A shortened season and intra-divisional play only are just some of the changes we’ll see if the QMJHL’s plan to start on Oct. 1 comes together.
League representatives made a pitch to government officials from Quebec, Nova Scotia, New Brunswick and P.E.I. last week that spelled out measures they are prepared to implement in order to return to play for 2020-21.
The highlights are a reduced schedule from the standard 68 games to 60, three new divisions with teams only playing within those groups, limited travel, and drastically scaled back training camps. Teams will only be allowed to invite a maximum of 34 players to camp, down from the usual 60. Teams can, however, still start by Aug. 26, which is only about a week and a half later than normal.
QMJHL commissioner Gilles Courteau’s preference at this point is to reserve comment until he has a response from the government officials but league spokesperson Maxime Blouin offered the following confirmation and statement.
“Those elements are part of our return to play plan that we’ve presented to the four provinces (government and public health),” Blouin said. “We are really confident that this is a great plan to offer our players, staff, coaches, officials and fans a safe environment.”
What that means for Nova Scotia’s two major junior teams - the Halifax Mooseheads and Cape Breton Eagles - is they will only play games against each other and the four other Atlantic teams in a newly formed division. The other division teams are the Moncton Wildcats, Saint John Sea Dogs, Bathurst Titan and Charlottetown Islanders.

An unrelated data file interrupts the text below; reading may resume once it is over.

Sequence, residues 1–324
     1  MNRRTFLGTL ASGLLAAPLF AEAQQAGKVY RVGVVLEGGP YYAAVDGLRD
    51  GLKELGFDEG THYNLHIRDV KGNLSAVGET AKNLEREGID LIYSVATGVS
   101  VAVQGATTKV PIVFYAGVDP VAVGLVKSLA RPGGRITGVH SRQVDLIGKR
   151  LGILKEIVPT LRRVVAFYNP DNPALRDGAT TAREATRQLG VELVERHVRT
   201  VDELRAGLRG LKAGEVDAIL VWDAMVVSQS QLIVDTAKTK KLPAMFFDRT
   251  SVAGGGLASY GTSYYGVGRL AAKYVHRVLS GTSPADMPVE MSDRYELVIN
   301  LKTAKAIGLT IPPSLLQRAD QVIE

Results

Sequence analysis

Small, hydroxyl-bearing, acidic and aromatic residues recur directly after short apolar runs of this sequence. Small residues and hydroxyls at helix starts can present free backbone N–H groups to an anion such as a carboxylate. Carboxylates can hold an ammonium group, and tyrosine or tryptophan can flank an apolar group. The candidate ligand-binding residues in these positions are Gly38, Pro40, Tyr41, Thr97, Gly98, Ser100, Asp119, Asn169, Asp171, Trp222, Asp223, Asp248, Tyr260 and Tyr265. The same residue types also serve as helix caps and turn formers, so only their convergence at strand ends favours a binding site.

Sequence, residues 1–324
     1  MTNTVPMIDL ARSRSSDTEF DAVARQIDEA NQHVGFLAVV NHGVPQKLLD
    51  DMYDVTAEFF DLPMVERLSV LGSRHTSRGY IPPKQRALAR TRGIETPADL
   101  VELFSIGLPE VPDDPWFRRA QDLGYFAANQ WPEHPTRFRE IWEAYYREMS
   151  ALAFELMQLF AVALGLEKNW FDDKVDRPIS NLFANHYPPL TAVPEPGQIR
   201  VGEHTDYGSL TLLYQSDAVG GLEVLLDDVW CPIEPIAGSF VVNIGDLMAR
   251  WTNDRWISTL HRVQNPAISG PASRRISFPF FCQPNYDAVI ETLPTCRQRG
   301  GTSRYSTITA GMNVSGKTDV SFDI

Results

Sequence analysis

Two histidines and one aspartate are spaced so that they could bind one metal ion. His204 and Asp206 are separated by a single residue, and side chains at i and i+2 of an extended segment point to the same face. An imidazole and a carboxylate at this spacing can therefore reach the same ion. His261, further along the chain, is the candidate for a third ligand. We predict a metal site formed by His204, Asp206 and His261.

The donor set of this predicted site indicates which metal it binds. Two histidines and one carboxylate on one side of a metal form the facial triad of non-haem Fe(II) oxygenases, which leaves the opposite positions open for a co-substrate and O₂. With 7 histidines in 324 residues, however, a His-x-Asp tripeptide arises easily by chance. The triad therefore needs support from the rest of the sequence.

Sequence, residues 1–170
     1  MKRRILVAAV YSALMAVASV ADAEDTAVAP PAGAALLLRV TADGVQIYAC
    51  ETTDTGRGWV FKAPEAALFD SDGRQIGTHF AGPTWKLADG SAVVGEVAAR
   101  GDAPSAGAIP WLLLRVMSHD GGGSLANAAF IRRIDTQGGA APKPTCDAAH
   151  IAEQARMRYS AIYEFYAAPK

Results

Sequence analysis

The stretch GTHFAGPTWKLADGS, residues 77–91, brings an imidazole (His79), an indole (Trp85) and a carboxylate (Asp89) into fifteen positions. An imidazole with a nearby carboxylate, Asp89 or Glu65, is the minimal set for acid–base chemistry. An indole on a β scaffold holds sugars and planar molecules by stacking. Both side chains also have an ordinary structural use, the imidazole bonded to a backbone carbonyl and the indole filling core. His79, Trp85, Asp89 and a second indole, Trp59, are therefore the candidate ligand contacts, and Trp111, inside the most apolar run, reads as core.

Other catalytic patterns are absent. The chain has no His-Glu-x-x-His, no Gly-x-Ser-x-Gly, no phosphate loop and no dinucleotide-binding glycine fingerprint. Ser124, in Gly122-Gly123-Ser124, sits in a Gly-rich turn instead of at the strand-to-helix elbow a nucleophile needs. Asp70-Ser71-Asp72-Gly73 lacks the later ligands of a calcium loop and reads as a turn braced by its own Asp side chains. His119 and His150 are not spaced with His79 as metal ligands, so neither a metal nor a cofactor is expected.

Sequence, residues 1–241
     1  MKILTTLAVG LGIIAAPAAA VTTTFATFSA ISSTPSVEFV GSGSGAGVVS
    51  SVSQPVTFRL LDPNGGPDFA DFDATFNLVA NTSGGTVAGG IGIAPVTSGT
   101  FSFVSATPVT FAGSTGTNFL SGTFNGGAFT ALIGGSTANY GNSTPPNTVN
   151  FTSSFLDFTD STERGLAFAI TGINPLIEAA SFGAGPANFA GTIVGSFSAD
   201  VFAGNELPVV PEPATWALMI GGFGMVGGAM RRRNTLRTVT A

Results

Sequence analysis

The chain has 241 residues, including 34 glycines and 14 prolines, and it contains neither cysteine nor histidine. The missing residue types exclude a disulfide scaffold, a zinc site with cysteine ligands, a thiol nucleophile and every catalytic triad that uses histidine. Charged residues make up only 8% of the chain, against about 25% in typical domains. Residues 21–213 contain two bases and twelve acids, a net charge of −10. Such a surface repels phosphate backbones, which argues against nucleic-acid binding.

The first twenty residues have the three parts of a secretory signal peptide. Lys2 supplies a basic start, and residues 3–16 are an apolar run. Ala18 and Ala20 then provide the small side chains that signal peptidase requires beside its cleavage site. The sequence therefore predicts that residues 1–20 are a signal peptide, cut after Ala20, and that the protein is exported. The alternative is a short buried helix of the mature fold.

The two other proposed divisions are: Blainville-Boisbriand, Drummondville, Gatineau, Rouyn-Noranda, Sherbrooke and Val-d’Or; and Baie-Comeau, Chicoutimi, Quebec, Rimouski, Shawinigan and Victoriaville. They are structured with geography in mind, with the hope hotel stays can be minimized. This will help with health and safety factors, but also reduce operational costs.
This is particularly salient since there is no firm outline yet on what accommodations can be made for fans, except that current guidelines in all four provinces still call for strict limits. Unlike professional sports, major junior teams rely heavily on ticket revenue so this will be a critical element to track.
Considering the proposed season start is still more than two months away, it’s likely the league is holding off on a firm plan in case there are any changes or easing of the restrictions between now and then. The league has also not yet made any proposals regarding playoffs, opting instead again for a wait-and-see approach. A decision isn’t expected to come until December.